“Buy now, pay later” is one of the fastest-growing areas of fintech.
It’s a form of credit that allows customers of major retailers to pay for items in installments, often with no fee attached. Companies like Afterpay, Clearpay, and — notably in Europe — Klarna have been on a growth tear in recent years.
There are questions about the affordability of these services and lack of regulation in the space. Klarna, Europe’s most valuable privately owned fintech, has more than 11 million customers but has been forced to answer questions on whether its product increases indebtedness, particularly for more vulnerable consumers.
Millennials might be increasingly wary of BNPL’s impact on their credit scores, and new startups have sprung up to disrupt the model again. To that effect, the London-based Zilch has just raised its second funding round of 2020, a $30 million Series B.
Zilch, founded this year, provides an over-the-top BNPL product that lets customers spread payments with zero interest for a period of six weeks wherever Mastercard is accepted.
Customers can use a Mastercard-linked payment card to purchase items in installments at a chosen retailer. Unlike Klarna and others that are integrated into the retailer, Zilch connects to a user’s account through open banking to extend credit.
The company was born out of a need to improve accessibility for end users and also to make BNPL more affordable, Zilch’s founder and CEO, Philip Belamant, told Business Insider in an interview.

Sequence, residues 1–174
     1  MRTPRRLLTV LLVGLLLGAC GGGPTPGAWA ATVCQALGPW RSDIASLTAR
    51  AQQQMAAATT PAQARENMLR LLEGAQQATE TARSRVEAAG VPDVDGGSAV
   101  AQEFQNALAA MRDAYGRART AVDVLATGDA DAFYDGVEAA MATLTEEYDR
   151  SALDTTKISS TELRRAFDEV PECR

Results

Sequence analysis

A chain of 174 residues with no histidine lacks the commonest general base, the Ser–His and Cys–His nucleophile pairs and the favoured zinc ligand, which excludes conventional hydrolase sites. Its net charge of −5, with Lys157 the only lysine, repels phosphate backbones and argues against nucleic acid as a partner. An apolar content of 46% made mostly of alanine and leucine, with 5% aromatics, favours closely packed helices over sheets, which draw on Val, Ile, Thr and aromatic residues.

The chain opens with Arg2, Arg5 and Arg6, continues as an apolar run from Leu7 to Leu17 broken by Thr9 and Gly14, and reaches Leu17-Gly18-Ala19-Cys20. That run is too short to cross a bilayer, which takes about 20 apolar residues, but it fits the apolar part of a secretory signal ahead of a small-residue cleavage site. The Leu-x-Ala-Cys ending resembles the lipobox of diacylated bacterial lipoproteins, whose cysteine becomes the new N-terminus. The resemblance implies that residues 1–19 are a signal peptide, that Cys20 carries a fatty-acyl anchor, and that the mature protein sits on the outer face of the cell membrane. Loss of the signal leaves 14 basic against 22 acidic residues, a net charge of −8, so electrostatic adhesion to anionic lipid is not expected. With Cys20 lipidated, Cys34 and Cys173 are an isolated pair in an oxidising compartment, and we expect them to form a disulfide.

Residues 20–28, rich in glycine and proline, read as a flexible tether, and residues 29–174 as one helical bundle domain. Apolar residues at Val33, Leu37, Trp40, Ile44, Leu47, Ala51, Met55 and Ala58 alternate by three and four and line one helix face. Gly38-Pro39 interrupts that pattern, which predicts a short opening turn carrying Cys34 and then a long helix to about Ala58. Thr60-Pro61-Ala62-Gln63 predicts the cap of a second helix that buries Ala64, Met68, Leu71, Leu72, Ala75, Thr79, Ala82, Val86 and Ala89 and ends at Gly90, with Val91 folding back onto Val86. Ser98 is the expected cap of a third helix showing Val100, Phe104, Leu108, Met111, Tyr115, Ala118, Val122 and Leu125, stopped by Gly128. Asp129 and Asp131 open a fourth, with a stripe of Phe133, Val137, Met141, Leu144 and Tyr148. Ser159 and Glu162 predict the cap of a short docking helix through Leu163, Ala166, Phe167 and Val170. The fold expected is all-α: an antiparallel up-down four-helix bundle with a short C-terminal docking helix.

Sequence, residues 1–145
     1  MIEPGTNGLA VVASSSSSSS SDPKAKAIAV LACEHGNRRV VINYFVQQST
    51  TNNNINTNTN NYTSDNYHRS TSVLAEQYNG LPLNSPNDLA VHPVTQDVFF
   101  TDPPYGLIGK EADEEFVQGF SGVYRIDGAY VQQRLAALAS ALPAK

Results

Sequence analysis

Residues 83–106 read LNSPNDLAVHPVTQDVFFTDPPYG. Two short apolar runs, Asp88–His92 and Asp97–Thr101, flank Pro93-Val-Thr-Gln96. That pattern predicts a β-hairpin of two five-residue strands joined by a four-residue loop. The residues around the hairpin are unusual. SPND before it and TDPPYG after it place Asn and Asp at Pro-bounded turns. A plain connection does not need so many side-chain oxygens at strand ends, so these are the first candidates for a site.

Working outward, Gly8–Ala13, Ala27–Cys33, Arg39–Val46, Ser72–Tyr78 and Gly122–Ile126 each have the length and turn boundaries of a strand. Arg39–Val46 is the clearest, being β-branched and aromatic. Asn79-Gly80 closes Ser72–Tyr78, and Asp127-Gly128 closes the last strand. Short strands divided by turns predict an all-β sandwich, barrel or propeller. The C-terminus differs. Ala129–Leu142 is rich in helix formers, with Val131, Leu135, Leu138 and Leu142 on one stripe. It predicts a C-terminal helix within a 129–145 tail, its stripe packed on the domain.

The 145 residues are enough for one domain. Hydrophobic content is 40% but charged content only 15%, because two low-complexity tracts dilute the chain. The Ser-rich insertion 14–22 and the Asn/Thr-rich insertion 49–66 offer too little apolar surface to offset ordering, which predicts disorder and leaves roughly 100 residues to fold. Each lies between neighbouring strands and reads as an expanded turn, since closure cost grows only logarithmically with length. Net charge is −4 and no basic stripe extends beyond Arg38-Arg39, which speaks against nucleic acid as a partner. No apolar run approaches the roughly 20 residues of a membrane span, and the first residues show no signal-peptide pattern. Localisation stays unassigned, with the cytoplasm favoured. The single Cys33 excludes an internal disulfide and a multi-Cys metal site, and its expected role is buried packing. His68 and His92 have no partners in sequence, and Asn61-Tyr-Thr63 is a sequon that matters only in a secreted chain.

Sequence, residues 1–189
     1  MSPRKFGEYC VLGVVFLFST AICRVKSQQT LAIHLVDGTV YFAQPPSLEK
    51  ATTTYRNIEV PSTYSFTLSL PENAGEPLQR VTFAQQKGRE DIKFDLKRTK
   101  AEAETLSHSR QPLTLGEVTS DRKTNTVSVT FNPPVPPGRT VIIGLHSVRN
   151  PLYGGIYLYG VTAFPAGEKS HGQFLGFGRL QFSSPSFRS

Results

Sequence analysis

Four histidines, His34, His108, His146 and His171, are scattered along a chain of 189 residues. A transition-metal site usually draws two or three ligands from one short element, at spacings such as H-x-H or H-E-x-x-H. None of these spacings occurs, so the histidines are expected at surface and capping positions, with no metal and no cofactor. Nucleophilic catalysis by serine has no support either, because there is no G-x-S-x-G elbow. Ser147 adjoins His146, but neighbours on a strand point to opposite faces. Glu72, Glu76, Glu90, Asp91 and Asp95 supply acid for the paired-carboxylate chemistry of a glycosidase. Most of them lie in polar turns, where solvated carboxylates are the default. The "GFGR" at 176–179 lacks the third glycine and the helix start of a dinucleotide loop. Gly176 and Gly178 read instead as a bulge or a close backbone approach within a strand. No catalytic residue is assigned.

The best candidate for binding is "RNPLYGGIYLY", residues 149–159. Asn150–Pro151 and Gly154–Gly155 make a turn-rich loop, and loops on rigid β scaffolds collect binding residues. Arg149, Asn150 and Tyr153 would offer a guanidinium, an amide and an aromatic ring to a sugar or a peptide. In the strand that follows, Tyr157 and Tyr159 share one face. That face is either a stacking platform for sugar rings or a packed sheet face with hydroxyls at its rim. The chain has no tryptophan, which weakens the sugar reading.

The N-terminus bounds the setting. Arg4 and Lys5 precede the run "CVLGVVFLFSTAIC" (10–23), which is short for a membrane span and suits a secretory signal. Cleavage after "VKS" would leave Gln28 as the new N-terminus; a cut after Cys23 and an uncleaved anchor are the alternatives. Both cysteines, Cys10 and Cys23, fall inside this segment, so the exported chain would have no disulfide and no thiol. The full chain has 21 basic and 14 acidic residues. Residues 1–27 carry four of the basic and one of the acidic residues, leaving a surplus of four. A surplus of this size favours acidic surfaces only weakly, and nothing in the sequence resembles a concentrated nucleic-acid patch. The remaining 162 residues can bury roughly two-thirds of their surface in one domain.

“There’s a disconnect between the incumbents and the end consumer because companies like Klarna are effectively merchant-acquiring businesses,” he said. “That misalignment is why we’ve built Zilch the way we have — as a customer there could be five separate point-of-sale providers on a website, which is confusing.”
Zilch is still open to the same questions plaguing Klarna, but it hopes to be a more affordable and clearer alternative.
As calls for regulation of the BNPL sector grow in the UK, Zilch has gained approval from the country’s national financial regulator (something that some newer fintechs decline to do) with consumer-lending authorization, making it one of the first BNPL fintechs in the UK to do so, the company says.
Klarna’s CEO recently told the news site Sifted, which covers European startups, that smaller fintech startups worried him and that Zilch hoped to have the regulatory edge ahead of expected disruption from Brexit.
“Klarna is providing credit to some people who might not have had it before, which is great, but how affordable is that?” Belamant added. “By taking this step forward with the FCA we are asking them, ‘How can we do this best?’ and we hope that it will fall in line with what the FCA expects going forward.”
Despite raising a round during the summer, Zilch was in a positive position to raise again, Belamant said. The company had committed numbers of where it expected to be by February 2021 but exceeded those numbers by November, Belamant added. “Our OTT model allows us to scale and integrate quicker than others,” he added. The company raised the funding from Gauss Ventures and the Moneysupermarket.com cofounder Simon Nixon in just three weeks.
Zilch says it has 160,000 users and is adding 30,000 customers a month. The company plans to use the funding to grow its headcount to about 75 from 35 in London and, possibly, to expand outside the UK next year.

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